Analysis: a new study has found that running barefoot on grass leads to a vast improvement in this painful and long-lasting heel condition

By Peter Francis, SETU

A new study has found that 19 out of 20 runners had an improvement in a very painful and long-lasting heel condition (plantar fasciitis) simply by removing their shoes and running barefoot on grass for 15 minutes every other day. These results are promising because there is no known cure for the condition which can last for two years or more in the general population.

Runners suffering from a diagnosis of plantar fasciitis were recruited to take part in the study which lasted for six weeks and was conducted at the Southeast Technological University (SETU). The average reduction in pain experienced by the runners at the six week point was almost 40%. When researchers followed up with participants six weeks after the study finished, this figure rose to almost 60%, leaving the average pain sore at a mere 1.5 out of 10 (10 being the worst pain imaginable).

We need your consent to load this comcast-player contentWe use comcast-player to manage extra content that can set cookies on your device and collect data about your activity. Please review their details and accept them to load the content.Manage Preferences

From RTÉ Brainstorm, what to eat, drink and do to prevent exercise injuries

Not such a new cure

Humans and more specifically the human foot evolved to walk and run barefoot on a variety of natural surfaces over the course of millions of years. The recent invention of footwear and artificial surfaces represents a massive shift in the environment the foot has to cope with. Modern footwear weakens the muscles of the foot and the cushioning in shoes can encourage ‘heavier’ running mechanics.

This is added to by the fact that most runners now run on paved surfaces that are unyielding and lack variability. It appears that freeing the foot and allowing it to interact with a soft and variable surface helps to reduce symptoms in these patients.

Dr. Peter Francis, who directs the barefoot science group that conducted the study suggests, "it is not so much that we have found a new cure but more so, that we have gone back in time to understand why we might have been injured in the first place".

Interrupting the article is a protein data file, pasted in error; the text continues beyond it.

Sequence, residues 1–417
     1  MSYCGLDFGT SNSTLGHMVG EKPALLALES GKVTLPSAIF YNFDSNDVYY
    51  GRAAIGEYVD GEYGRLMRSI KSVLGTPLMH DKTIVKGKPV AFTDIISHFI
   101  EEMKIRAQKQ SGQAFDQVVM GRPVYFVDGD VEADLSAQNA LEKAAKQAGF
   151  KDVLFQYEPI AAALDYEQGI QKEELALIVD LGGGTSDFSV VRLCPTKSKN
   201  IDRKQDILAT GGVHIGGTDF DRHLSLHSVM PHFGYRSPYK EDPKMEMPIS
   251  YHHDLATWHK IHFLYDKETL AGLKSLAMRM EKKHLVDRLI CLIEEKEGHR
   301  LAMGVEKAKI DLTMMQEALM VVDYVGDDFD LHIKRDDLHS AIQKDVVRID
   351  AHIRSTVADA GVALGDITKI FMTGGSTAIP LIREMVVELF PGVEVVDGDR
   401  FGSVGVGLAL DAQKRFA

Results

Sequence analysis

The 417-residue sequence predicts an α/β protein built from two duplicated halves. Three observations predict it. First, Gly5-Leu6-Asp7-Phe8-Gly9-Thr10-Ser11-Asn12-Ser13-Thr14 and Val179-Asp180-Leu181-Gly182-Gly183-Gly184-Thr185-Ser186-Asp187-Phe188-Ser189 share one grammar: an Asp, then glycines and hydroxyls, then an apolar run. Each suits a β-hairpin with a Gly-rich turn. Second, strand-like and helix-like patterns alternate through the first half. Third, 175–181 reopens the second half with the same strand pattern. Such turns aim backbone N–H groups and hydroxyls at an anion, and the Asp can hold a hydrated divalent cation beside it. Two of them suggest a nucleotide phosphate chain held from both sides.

Read more: What elephants can teach us about running injury free

It may seem counterintuitive to run in pain. Clinician and student Stephen Mac Gabhann, who carried out the study, agrees. "It is counterintuitive to most physiotherapists to prescribe running for a painful condition, often brought on by running, but after some initial hesitation, most runners are fairly pleased to discover that running will form part of their rehabilitation.'

Why does it help

The reason it seems to help runners is likely multifactorial. Running mechanics are known to change when running barefoot and when running on a variable surface due to the increased sensation the brain receives from the ground. This may reduce the repetitive and often heavy loading experienced by the foot when in shoes on a hard surface. Running on soft grass feels nice and may help to reduce pain perception by the runners in the same way a massage might.

A reduction in pain perception may encourage runners to run with more confidence. Finally, muscles are known to get stronger after six to 12 weeks of resistance training and this type of running is a real workout for the muscles of the foot. It is likely that after an intervention of this length, the foot is much stronger.

We need your consent to load this rte-player contentWe use rte-player to manage extra content that can set cookies on your device and collect data about your activity. Please review their details and accept them to load the content.Manage Preferences

From RTÉ Brainstorm, why some runners get injured and how to stop it happening

A note of caution

Dr. Francis warns that this is just the beginning of a greater exploration in relation to this kind of treatment for runner’s heel pain. "Our study reported on 20-runners with heel pain, but we did not have a control group who did nothing or had a control intervention. This is required to truly assess the impact of the findings. That being said, we can have a degree of confidence in the findings given we know how long it normally takes to resolve and how ineffective most traditional therapies have proven"

He also suggests that if runners want to give this type of therapy a try, that they should use the cautious approach taken with the runners in the study. "I recommend no more than 15 minutes at a light intensity every other day. Time spent barefoot running needs to be built up gradually and I think access to the soft surface is key, something that is not a problem with the rain we get in Ireland".

The study can be read in full here.

Dr Peter Francis is a lecturer in the Department of Health and Sports Sciences at the South East Technological University (SETU). He is the author of Running from Injury.


The views expressed here are those of the author and do not represent or reflect the views of RTÉ